This weekend. Bluegrass First Class in Asheville
Hadn't been before, anyone going or know much about it. They have a great lineup on friday and saturday...good jams?
Dang it. I'm stuck in Ohio.
We few, we happy few.
They have some large conference rooms open for jamming, though that doesn't seem to prevent the jam sessions in the hall, the stairwell etc. If nothing has changed in this regard, the fact that there's an open bar in the hotel leads to mixed sobriety among the listeners (and some jammers). We had one fellow who insisted on playing spoons along with the jam (nobody knew how many he'd had as he kept loosing is drink and going back for another). All in all though the jamming was quite good. The Ballroom has Ok sound (when I was there anyway it sort of depended on where you were sitting) but if you can get into the center it's quite good. I wish I could go, but too many of those job/kids/etc. issues to deal with.
2002 Prucha F5
2003 Gibson F5FB
2010 Stratocaster HSS
1965 Fender Telecaster
1962 Martin D18
I heard there might be a few Loars lurking the hallways this year. Should be interesting! The big show is not on the stage. Asheville is just full of top end pickers.
I'm too busy, and too broke to go this weekend, but I'm planning to visit Jack of the Wood's Thursday night jam this week. I wonder if there will be any "cross pollination". I guess I'll find out.
I'll be there doing double duty playing banjo with Travers Chandler and Avery County and with Ken Scoggins and Miller's Creek. Come by and say hello.
I won't be there, but I will say that I really loved Asheville...despite the whirlwind speed of my visit (to see one of the last Nickel Creek shows, when they had Bela Fleck as a guest). Great food, some talented buskers, and just a charming place in general. It is however a very long drive from Washington, DC. The last hour or so of that drive is exceptionally beautiful, but I don't think I have the will to do it again if I'm not going to stay longer than a weekend. Looks like a cool event though.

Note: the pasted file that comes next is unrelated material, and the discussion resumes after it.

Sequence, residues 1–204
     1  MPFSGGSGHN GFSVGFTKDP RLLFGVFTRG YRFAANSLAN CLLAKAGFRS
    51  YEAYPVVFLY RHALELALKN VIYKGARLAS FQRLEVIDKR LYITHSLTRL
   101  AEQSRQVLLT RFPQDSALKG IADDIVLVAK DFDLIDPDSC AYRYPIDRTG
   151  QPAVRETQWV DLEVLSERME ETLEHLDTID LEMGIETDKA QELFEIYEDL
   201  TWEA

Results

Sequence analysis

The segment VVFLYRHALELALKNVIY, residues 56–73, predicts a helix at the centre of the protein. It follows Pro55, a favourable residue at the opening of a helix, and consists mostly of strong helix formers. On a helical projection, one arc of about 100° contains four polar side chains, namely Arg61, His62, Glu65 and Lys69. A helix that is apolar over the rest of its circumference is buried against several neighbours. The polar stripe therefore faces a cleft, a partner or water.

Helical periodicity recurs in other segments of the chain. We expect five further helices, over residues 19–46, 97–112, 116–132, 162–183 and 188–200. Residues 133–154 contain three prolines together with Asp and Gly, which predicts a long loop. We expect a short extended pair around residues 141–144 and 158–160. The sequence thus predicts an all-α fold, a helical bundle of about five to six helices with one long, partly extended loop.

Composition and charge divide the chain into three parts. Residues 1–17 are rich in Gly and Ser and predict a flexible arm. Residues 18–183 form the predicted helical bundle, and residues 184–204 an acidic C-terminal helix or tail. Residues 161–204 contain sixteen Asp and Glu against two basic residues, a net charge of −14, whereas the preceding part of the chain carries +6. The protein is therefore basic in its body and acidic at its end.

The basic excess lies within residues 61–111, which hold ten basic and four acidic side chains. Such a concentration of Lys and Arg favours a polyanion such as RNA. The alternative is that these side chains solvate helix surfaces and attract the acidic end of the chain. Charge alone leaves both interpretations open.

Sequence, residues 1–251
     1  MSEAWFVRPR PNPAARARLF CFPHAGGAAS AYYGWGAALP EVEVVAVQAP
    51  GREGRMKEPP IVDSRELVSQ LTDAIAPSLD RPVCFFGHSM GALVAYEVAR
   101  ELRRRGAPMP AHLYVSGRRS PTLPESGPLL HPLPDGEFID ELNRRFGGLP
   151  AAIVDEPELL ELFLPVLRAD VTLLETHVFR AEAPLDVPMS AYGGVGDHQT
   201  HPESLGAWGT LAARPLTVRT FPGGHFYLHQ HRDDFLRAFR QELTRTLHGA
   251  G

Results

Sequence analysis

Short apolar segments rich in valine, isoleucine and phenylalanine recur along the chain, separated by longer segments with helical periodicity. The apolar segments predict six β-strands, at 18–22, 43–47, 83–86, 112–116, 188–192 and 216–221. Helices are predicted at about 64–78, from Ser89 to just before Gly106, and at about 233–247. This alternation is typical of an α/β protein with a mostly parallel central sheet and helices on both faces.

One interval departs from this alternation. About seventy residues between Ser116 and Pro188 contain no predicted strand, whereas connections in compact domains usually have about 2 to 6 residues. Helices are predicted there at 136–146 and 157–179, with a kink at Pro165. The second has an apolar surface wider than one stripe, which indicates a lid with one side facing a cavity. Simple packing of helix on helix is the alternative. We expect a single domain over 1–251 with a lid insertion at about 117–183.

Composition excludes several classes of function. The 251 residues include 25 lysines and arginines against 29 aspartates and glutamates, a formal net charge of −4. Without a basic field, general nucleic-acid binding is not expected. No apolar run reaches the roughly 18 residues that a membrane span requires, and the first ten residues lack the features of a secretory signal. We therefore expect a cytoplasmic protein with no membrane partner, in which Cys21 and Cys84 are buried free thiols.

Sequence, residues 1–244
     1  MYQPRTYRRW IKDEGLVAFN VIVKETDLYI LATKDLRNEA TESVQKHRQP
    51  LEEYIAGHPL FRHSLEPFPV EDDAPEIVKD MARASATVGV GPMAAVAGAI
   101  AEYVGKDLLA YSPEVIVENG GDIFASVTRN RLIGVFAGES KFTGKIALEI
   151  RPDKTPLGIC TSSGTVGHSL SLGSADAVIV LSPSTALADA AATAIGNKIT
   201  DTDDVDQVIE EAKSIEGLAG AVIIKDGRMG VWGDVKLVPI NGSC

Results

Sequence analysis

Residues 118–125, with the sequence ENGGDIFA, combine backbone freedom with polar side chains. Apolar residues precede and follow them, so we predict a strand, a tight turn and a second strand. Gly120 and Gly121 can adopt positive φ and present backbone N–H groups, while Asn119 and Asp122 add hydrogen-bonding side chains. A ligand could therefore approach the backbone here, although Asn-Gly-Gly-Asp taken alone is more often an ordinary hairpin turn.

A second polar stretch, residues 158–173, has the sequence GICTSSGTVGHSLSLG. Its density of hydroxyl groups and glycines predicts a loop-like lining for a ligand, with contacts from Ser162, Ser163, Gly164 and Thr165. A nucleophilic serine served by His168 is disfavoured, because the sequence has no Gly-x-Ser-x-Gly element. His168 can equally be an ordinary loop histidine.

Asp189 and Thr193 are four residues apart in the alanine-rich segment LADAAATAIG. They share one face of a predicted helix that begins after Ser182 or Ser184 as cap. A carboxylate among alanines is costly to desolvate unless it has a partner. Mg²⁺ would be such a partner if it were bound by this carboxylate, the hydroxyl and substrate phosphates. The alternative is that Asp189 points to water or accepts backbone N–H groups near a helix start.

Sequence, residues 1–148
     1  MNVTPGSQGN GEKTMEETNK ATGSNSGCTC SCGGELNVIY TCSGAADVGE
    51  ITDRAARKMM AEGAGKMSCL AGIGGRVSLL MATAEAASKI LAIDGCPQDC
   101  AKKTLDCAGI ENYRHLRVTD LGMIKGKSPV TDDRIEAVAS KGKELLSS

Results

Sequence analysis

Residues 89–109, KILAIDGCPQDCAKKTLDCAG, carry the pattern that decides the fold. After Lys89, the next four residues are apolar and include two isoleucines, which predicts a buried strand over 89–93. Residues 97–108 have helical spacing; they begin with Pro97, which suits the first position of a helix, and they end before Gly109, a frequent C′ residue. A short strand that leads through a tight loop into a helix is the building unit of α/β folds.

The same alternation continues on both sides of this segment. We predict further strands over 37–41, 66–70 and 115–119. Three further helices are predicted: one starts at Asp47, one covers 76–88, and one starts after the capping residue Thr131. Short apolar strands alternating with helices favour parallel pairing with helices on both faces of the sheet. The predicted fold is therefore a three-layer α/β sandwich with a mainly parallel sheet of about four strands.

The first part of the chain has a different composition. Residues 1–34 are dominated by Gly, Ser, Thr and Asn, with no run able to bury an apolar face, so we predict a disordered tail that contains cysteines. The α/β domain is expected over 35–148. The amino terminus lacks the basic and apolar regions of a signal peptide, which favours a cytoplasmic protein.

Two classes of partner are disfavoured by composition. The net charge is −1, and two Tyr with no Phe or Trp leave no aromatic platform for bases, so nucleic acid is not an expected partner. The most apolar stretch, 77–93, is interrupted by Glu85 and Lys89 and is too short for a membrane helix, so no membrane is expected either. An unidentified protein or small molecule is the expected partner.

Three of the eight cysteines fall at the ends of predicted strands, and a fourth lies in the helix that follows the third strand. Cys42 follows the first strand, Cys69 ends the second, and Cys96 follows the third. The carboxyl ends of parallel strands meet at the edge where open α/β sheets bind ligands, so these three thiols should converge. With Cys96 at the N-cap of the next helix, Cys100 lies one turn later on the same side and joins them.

There is almost no jamming at this festival. If you want to jam this place is not for you.
Hey Now! BaBa Booey!
I hit a festival every weekend of the year, and I can tell you the last two years I have not been happy with the jamming at this event. Where were you picking at cause I missed it both years I have attenend. Now... the bands are great and its a killer lineup for pro bands. If you want to see a good stage show then go, however the jamming for me lacks.
Hey Now! BaBa Booey!
I can attest to the jamming this year. It's going to be powerful. It happens all around the hotel nowhere near the show part. Maybe you just hung out at the wrong place.
Well, I'm back from the First Class and my fingers are still sore from all that hot pickin. I found it going on in the hallways, private meeting rooms, big party rooms,and just plain sleeping rooms. There was the ring of banjos, the bark of mandolins and the punch of guitars all over that grand hotel. It was Bluegrass First Class. One of the best groups there this year was the Dry Branch band.